Thus, the workers-councils movement failed not on the ground of workers' management of productive labor, but on that of the relation between mass strikes and insurrection, or between refusal to work and insurrection. We keep hearing that the workers' determination of the crisis from 1918 to 1923 prolonged the refusal to work as an ongoing crawling movement, without creating the party. Yet, without its determination of the crisis and its struggle against development, the party is not revolutionary. Thus, the failure of the workers-councils movements did not postpone the problem of the relationship between autonomy and the party of professionals, but rather that of the relationship between struggle against development and insurrection, on the one hand, and armed workers' power on the other. We have seen in more recent history how many times insurrection has been, instead, the premise for a resumption of development. Leninism is perhaps the extreme limit reached by the insurrectional level and by the class as autonomy where the party is still an acting minority.
Maoist thought has gone farther, by conceiving of the class as the party, the party as the majority of the people, the party as social majority, and by moving the ground of insurrection from the brief coup d’état to long-range war. With Maoism, insurrection has become a spontaneist term.
11 We must not forget the Hamburg region, the other focal center of the workers-councils movement, where the same type of worker predominated in the ship-building industry which later became a war industry.
2 For an excellent account of this, see Giuliano Procacci's article in Rivista Storica del Socialism, n. 17.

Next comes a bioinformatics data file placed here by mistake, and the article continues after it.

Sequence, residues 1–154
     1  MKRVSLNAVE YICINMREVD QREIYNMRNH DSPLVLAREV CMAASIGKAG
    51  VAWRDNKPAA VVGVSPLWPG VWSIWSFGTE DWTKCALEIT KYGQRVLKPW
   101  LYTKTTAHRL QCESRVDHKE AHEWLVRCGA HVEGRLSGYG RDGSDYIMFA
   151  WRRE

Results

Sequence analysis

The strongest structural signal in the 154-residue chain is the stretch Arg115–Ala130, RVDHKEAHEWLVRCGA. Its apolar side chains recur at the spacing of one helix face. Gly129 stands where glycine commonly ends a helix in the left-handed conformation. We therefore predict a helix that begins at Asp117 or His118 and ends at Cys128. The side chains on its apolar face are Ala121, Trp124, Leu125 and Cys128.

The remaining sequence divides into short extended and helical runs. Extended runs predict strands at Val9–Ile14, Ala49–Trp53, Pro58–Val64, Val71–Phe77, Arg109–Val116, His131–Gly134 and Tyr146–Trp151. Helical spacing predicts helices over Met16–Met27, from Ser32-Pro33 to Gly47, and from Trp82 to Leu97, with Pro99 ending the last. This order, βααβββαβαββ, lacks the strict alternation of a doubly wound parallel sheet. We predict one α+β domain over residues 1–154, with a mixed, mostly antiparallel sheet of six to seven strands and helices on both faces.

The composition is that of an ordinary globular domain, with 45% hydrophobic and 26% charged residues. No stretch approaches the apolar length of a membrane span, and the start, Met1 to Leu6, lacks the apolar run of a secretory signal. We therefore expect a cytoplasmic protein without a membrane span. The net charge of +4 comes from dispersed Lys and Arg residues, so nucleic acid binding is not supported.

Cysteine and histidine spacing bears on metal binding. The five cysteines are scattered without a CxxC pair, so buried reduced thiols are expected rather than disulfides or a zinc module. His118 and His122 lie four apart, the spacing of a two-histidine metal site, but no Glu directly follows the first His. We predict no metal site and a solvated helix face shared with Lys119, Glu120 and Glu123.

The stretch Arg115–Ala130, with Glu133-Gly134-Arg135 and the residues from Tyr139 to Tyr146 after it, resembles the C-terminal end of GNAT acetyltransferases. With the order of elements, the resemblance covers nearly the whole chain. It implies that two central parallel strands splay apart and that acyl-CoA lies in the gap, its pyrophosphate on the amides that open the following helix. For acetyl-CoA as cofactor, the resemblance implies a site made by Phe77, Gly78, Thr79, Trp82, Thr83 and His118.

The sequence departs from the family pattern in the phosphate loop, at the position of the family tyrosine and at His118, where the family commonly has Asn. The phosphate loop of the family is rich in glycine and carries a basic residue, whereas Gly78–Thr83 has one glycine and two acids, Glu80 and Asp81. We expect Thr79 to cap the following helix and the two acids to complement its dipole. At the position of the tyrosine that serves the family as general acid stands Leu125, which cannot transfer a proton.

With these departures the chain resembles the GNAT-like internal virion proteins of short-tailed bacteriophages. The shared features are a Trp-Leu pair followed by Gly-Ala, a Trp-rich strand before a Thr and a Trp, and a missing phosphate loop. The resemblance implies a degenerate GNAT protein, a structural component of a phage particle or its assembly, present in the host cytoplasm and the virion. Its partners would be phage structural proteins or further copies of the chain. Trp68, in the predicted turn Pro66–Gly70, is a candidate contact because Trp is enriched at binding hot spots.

3 For a masterful analysis of this struggle, see Rosa Luxemburg, "The Mass Strike, the Political Party, and the Trade Unions", in Mary Alice Waters, ed., Rosa Luxemburg Speaks (New York, 1970), pp. 155-218; and Lenin's 1917 Zurich commemorative address, "Lecture on the Russian Revolution of 1905", in Collected Works (Moscow, 1964), vol. 23, pp. 236-253, in addition to contemporary writings and those immediately following the events, with the first notes concerning urban guerilla warfare.
4 The prerogatives of the Betriebsraete can be compared to the comitati paritetici introduced in the Italian machine industry after the 1966 contracts.
5 We have dealt at some length with the miners' strike to indicate the most advanced class pole in pre-war Germany. Unfortunately, we have not been able to use statistics dealing with specific industrial sectors in order to reconstruct the whole German class composition in relation to the movements in struggle. Some absolute figures on the strikes can at least confirm the statement that the 1904-06 period represents a distinct cycle of struggles: in 1903 there were 1,347 strikes, 86,000 strikers, with 7,000 factories involved; in 1904 there were 1,870 strikes, with 113,000 strikers, and 10,000 factories involved. In 1905 there were 2,400 strikes, with 400,000 strikers, affecting 14,000 factories; in 1906 the number of strikes was 3,000, the number of strikers was 270,000, and the factories involved 16,000; in 1907 there were 2,200 strikes, with 190,000 strikers, and with 13,000 factories involved. The following year all these figures are reduced by two thirds. It is interesting to note how things went in the 1905-06 years: compared to 1905, 1906 does not include the solid mass of 200,000 strikers from the Ruhr; yet, the number of strikes increases by 30% and the number of factories involved by approximately 13%. Similarly, in 1907: while compared to 1905 the number of strikers has decreased by approximately 52%, the number of strikes decreased only 8% and the number of factories involved also decreased by 8-9%. What this means is that the struggle had spread from the great class pole represented by the Ruhr miners into middle-size factories, thus affecting the whole social fabric of German capital. It was the initial thrust generated by the miners which put in motion the mechanism of struggle even in the machine factories of the labor aristocracy and of golden paternalism. The overwhelming presence of 200,000 Ruhr miners in the German political class-composition and the overwhelming presence of the coal-steel sector within Germany's industrial geography can be compared to FIAT's position in Italy.